Quotes from Jeff Schultz’s piece in the Atlanta Journal-Constitution. 

“It was very difficult,” Howard said Saturday. “I want to play. I want to be out on the floor. I want to make a difference. I want to make an impact, and I can’t do that on the bench.”

“It hurts,” Howard said. “I’m sure if you wrote the best stories in the world and nobody read your stories and they told you to stop writing and you saw somebody else’s story that wasn’t as good as yours, I’m pretty sure you’d be pissed, too. That’s how it is in basketball.”

To be fair, Howard didn’t say anything inflammatory. He’s one of the best centers of the last 20 years, why shouldn’t he want to be playing in crunch-time? He may not be the player he was during his prime, but he had a solid regular season and had done everything the team had asked him to do up to that point. He has a right to be frustrated.

That’s something that needs to be sorted out before next season. I expect it will be. The Hawks need Howard happy and productive if they’re going to improve upon the 43-39 record they accumulated this season.

There is reason to have hope for the future beyond re-signing Paul Millsap. Against Washington, Dennis Schroder and Taurean Prince showed why they are the building blocks for the future. Schroder finished his six-game playoff stint with averages of 24.7 points and 7.7 assists per game on 45.5 percent shooting and 42.5 percent from three.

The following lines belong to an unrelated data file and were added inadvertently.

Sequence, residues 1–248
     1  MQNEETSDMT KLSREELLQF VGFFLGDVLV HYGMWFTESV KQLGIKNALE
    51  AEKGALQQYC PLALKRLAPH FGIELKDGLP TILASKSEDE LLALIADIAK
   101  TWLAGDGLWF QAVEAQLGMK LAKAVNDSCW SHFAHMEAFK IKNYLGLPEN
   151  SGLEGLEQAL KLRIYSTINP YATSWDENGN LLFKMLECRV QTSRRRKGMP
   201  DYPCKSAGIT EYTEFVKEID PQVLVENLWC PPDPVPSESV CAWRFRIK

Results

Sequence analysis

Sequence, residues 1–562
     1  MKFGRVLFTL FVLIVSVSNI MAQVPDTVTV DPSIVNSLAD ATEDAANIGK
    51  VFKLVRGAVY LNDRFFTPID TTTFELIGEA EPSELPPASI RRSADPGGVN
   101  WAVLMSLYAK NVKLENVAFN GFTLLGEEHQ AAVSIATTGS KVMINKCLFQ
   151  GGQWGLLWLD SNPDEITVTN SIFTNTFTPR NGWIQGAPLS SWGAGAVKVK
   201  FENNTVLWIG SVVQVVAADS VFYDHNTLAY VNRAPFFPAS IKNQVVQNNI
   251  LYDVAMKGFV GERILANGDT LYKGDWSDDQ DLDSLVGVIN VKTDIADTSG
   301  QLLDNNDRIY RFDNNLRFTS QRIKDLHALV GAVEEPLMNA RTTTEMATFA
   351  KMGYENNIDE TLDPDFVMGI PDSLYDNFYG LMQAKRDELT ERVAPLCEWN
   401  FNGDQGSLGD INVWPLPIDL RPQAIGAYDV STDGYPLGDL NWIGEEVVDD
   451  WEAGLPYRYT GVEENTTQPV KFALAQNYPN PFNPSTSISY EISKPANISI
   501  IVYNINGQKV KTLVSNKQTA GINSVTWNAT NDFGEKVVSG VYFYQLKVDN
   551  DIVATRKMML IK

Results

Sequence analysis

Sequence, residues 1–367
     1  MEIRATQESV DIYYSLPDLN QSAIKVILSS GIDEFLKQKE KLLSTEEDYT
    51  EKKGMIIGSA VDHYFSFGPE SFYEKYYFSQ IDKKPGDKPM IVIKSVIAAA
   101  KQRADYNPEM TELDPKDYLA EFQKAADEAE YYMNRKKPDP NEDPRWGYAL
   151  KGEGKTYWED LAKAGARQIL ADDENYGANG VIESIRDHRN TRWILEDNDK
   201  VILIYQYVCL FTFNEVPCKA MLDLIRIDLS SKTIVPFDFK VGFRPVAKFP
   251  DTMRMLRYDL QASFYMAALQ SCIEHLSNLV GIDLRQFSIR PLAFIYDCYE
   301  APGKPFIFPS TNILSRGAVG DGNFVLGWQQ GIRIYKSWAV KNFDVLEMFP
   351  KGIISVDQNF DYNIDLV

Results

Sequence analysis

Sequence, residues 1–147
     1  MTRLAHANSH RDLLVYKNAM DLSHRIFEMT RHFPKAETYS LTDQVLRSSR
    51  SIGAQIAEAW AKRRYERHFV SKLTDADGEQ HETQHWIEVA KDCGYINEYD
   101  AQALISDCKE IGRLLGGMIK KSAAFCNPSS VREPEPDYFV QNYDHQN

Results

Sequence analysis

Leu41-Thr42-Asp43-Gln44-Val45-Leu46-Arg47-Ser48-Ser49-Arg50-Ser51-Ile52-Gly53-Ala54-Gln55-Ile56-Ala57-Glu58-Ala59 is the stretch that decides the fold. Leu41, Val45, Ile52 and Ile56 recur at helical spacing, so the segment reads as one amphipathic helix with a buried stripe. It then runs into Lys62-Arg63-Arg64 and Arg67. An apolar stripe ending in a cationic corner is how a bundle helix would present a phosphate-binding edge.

Prince finished the playoffs averaging 11.2 points and 5.3 rebounds per game on 55.8 percent shooting. His ability to defend and finish in transition has Hawks fans salivating for the variety of highlight reel plays he’ll make during his Hawks career.

DeAndre’ Bembry should also factor into the rotation next season. Bembry was shuffled in and out of the rotation this season, but he showed a high basketball IQ and advanced defensive ability in his 38 game sample.

The Hawks have decisions to make regarding the short-term and long-term composition of their roster. They also have a core of young players that give them reason for optimism. Stay tuned for what’s sure to be a busy offseason.